Tuesday, October 7, 2014

Most Memorable

She didn't know she had changed the world.

The Afghan Girl; she was perhaps twelve years old and living in a refugee camp when National Geographic photographer Steve McCurry took her picture.  He didn't know her name.

Her picture was on the cover of National Geographic in 1985.  It became one of the most recognized photographs in the world; illuminating the conflict in Afghanistan and the refugee crisis around the world, but we didn't know who she was.  For years, no one knew.

Several attempts were made to find her and to perhaps hear her story.  Finally in 2002, a Nat Geo team found her and her family.  She was perhaps thirty years old, but remembered well the occasion of being photographed.  Even though he'd asked gently and she'd given him permission to photograph her, she was angry.  He was a stranger!

She hadn't seen the world-famous cover photo; she saw it for the first time after seventeen years when they showed it to her in '02.

Her parents had been killed in the Afghan conflict when she was about six. With her brother and three sisters, she followed her grandmother, walking through the snowy mountains to Pakistan, begging for blankets and hiding in caves along the way.  They entered the refugee camp in 1984.  She married at thirteen (no, you were sixteen, her husband insists) and later returned with her husband to her home village in Afghanistan.  They have three daughters; a fourth died in infancy.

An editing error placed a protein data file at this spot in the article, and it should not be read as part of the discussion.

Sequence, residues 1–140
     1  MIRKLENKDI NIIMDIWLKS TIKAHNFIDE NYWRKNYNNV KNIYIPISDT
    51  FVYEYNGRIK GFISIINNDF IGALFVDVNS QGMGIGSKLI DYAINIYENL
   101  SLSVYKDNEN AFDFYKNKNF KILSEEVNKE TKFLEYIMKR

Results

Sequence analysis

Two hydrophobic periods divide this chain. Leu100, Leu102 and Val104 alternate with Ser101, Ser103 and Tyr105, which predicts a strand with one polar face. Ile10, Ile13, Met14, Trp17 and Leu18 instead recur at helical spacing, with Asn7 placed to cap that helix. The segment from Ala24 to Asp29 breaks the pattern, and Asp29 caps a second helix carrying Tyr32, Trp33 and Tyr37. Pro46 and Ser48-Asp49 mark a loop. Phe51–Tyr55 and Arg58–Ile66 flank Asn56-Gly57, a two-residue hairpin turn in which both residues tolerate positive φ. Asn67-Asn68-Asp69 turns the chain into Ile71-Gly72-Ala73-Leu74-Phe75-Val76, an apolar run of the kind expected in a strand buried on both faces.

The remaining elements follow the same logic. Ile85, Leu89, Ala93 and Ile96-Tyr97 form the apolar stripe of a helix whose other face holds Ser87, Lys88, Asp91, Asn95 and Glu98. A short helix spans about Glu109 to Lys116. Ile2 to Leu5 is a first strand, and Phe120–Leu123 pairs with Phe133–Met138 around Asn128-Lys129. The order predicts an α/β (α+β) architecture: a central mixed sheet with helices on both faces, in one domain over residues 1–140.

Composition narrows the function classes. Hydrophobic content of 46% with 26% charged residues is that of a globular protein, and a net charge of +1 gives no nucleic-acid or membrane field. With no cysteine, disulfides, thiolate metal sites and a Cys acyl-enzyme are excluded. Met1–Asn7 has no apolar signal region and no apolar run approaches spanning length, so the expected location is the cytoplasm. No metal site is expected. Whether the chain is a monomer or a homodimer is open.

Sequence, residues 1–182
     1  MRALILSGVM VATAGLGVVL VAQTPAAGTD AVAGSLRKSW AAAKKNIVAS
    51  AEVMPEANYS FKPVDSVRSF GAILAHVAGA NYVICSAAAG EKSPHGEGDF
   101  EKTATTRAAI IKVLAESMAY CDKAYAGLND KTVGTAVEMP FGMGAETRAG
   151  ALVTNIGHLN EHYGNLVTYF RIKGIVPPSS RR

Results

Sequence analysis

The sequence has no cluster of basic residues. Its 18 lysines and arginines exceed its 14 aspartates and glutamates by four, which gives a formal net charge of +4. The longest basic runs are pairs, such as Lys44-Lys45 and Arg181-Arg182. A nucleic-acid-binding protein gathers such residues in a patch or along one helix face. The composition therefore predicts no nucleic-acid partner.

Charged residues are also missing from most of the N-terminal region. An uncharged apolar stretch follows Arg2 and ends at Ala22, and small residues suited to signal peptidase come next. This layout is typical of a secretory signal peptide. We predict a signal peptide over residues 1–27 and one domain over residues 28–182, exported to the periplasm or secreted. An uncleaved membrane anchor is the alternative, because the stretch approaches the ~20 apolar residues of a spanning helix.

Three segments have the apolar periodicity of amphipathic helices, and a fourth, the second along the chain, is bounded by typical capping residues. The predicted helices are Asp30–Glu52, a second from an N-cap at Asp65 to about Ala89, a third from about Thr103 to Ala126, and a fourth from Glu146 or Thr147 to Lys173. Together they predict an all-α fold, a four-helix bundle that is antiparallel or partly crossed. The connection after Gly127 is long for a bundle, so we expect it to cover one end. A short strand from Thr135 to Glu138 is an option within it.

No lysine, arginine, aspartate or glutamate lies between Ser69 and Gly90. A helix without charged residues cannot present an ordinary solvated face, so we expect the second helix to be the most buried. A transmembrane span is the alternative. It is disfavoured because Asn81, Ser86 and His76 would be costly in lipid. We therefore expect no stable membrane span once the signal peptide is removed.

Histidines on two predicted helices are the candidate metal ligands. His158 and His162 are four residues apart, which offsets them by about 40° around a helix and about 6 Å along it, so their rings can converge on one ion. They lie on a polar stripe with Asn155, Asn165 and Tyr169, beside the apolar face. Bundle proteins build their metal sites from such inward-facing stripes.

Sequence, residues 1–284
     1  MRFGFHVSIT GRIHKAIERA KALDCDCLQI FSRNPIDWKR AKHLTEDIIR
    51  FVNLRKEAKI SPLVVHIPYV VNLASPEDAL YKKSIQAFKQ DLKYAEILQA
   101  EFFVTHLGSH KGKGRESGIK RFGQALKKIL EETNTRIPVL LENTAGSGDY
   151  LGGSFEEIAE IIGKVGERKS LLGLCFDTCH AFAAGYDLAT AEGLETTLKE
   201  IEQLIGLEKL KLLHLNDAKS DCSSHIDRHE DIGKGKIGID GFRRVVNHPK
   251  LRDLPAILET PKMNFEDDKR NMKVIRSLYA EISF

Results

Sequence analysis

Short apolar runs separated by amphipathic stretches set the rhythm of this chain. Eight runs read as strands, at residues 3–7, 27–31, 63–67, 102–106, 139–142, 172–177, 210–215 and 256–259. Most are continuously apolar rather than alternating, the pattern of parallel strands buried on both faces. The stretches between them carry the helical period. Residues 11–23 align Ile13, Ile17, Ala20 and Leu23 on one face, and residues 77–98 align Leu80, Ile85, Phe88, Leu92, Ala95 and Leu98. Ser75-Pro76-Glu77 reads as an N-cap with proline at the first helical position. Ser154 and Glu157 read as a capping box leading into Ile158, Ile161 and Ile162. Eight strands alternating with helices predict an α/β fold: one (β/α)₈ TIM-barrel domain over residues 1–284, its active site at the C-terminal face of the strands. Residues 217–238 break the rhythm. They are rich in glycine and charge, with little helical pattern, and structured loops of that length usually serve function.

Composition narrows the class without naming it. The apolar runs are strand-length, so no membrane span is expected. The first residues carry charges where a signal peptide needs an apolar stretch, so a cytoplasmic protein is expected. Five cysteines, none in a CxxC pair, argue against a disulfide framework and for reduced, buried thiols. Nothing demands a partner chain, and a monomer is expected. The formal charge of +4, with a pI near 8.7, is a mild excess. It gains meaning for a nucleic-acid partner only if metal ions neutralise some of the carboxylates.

When asked about her hopes for the future, she said she hoped they could afford medical care for her husband and to send her daughters through school.  She didn't ask for anything for herself.

"The reunion between the woman with green eyes and the photographer was quiet. On the subject of married women, cultural tradition is strict. She must not look—and certainly must not smile—at a man who is not her husband. She did not smile at McCurry.  Her expression, he said, was flat. She cannot understand how her picture has touched so many. She does not know the power of those eyes."

Reluctant at first to be photographed yet again, she relented when she heard how effective the first photo had been in focusing the world's attention on the plight of those in war-torn Afghanistan.

National Geographic told her story in 2002.  They set up an international fund to provide education for Afghan girls at first, then expanded to include boys.  They funded the family's medical needs and more, and they provided a pilgrimage to Mecca for them, too.  In a later interview, she actually smiled as she told of the progress her family had made and offered thanks for the help they had received.
"Names have power, so let us speak of hers. Her name is Sharbat Gula, and she is Pashtun, that most warlike of Afghan tribes. It is said of the Pashtun that they are only at peace when they are at war, and her eyes—then and now—burn with ferocity. She is 28, perhaps 29, or even 30. No one, not even she, knows for sure. Stories shift like sand in a place where no records exist. Time and hardship have erased her youth. Her skin looks like leather. The geometry of her jaw has softened. The eyes still glare; that has not softened."  
“She’s had a hard life,” said McCurry. “So many here share her story.” Consider the numbers. Twenty-five years of war, 1.5 million killed, 3.5 million refugees: This is the story of Afghanistan in the past quarter century. It's not the life she would have chosen.    ~from the Nat Geo article